Encapsulation is a versatile technology that involves the entrapment of bioactive materials whose application ranges from cell therapy to drug delivery. Pectin can interact with other biological components through a variety of changes which can provide more durable delivery systems, such as emulsions, hydrogels, liposomes, and microcapsules. The incorporation of bioactive components that can deliver functional attributes beyond those of conventional active packaging is among the few basic categories of nanotechnology application [97]. Pectin is also highly biodegradable and biocompatible, which makes it a fantastic carrier for colonic medications and bioactive compounds [98]. HMPs are used in some applications as an encapsulating agent in drug administration because they have a larger molecular weight and poorer solubility in water. However, early release and coating degradation might happen when the pharmaceutical product is encapsulated with HMP. LMP has been utilized more frequently in this regard though [99]. Recent studies have cited the combination of MP with other natural polymers, such as chitosan, or bioactive compounds, such as curcumin and cysteine, to avoid early release, increase gel resistance, decrease water solubility, reduce erosion capacity, and generate new materials with specific properties required for drug delivery [100,101,102]. It was suggested that a chitosan/pectin composite membrane of various compositions fabricated with a freeze-gelation method could be an ideal technique for MP-based material encapsulation. Chitosan is a positively charged polysaccharide (polycation) incorporated with pectin to form composite material as the ionic interaction between the polycation and polyanion leads to the formation of a polyelectrolyte complex [103,104]. The diverse controllable biodegradation rate of the composite membrane makes it a useful disintegrant carrier of bioactive materials with pectin significantly improving the membrane properties which include hydrophilicity, tensile strength, and water uptake [105]. The gelation or cross-linking of pectin can be achieved due to the strong inter- or intra-molecular interactions formed between the Ca2+ and pectin carboxyl anions group. The abundance of the anions on pectin is ionically cross-linked by Ca2+ because the cations possibly bind with different groups of carboxyl [106,107]. These properties imply that blending MP with other polymers has a potential means of controlled release of encapsulated bioactive materials such as probiotic bacteria in the gastrointestinal tract (GIT). The applications of using MP as a delivery system of bioactive materials to the target site are very promising. However, it is imperative to understand that this approach may differ depending on the bioactive substances that are being encapsulated. In this review, we will look at the most common bioactive substances that have been employed in the biomedical such as probiotics, vaccine products, and polyphenols.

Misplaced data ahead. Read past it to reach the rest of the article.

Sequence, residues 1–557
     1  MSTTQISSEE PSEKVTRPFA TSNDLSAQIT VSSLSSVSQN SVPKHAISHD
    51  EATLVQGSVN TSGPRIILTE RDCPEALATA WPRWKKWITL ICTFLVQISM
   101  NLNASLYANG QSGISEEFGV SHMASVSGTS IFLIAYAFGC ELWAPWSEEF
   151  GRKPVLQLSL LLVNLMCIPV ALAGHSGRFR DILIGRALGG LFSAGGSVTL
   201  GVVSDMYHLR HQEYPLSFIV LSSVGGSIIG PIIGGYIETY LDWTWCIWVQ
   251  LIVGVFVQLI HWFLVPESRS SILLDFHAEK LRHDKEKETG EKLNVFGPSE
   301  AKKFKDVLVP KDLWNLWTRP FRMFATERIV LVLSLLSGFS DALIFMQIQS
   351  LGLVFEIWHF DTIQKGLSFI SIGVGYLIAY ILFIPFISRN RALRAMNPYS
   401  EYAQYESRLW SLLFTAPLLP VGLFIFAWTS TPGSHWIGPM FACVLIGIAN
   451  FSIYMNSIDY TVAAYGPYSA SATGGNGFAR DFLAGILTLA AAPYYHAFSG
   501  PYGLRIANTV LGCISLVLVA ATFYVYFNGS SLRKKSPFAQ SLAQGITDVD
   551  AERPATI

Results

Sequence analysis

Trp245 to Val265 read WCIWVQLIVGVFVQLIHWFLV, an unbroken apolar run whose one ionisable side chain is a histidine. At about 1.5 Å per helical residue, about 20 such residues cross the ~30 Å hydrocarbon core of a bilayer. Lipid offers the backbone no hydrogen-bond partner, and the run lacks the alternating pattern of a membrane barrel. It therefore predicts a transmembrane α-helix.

6.2.1. Probiotics

Probiotic meaning ‘’ for life” is defined as “live microorganisms that beneficially affect the host’s health by improving its microbial balance” [108]. The nutritive value and health benefits of probiotics have recently increased the demand for improving nutritional supplements and hence become important. Probiotics encapsulation has successfully prevented cells from the adverse environmental effect, and improved their survival during storage and processing, releasing them in their viable and metabolic active states in the intestine under specified conditions and extending their shelf life [109]. This encapsulation delivery system can be explored to the advantage of probiotics even though different probiotics encapsulation techniques tend to produce microparticles or microcapsules (ranging from 1 µm and 5 µm diameter). In the application of polysaccharides in the pharmaceutical industry, drugs are entrapped by coating with alginate, and chitosan microcapsule which enables the controlled release of the drug under specific simulated intestinal conditions [110]. Such effect has been noted in the pharmaceutical industry including probiotics [111]. Polysaccharides such as pectin are biodegraded by the colonic microflora possessing the ability of controlled release as they are used as a target delivery means of drugs. Pectin is not degradable at the upper GIT and is a low-cost polysaccharide that has been utilized as a biopolymer matrix for the release of small drugs for colon-specific delivery [112].
Previous studies of over a decade ago have been reporting the use of ordinary pectin combined with other bioactive substances. For instance, pectin particles coated with whey protein protected and improved the survival of Lactobacillus from a low pH of 1.2 when exposed to simulated gastric compared to free bacterial cells [113,114]. Similarly, another study showed that the blend of pectin with alginate into microcapsules improves the protection and survival of L. casei at low pH in a simulated gastrointestinal condition [115]. The encapsulation of L. plantarum in different blends of sodium alginate, pectin or chitosan coated-sodium alginate was tested under simulated gastrointestinal, refrigeration and in yoghurt conditions but viability was improved as the lowest loss of viability under refrigeration as compared to the free cells was seen in pectin; sodium alginate coated with chitosan; a mixture of 2% (w/v) sodium alginate + 2% (w/v) pectin accordingly [116]. From this study, it can be suggested that a blend of sodium alginate and pectin coated with chitosan may further improve and enhance the stability and survival of probiotics in yoghurt under refrigerated conditions. An optimal count of L. casei higher above the therapeutic requirement of 107 cfu/mL in yoghurt was obtained in a 2% pectin bead or 2 and 3% pectin combined with 0.5% alginate [117]. The incorporation of starch and other additives may help to improve the stability of the microsphere during storage [116,118].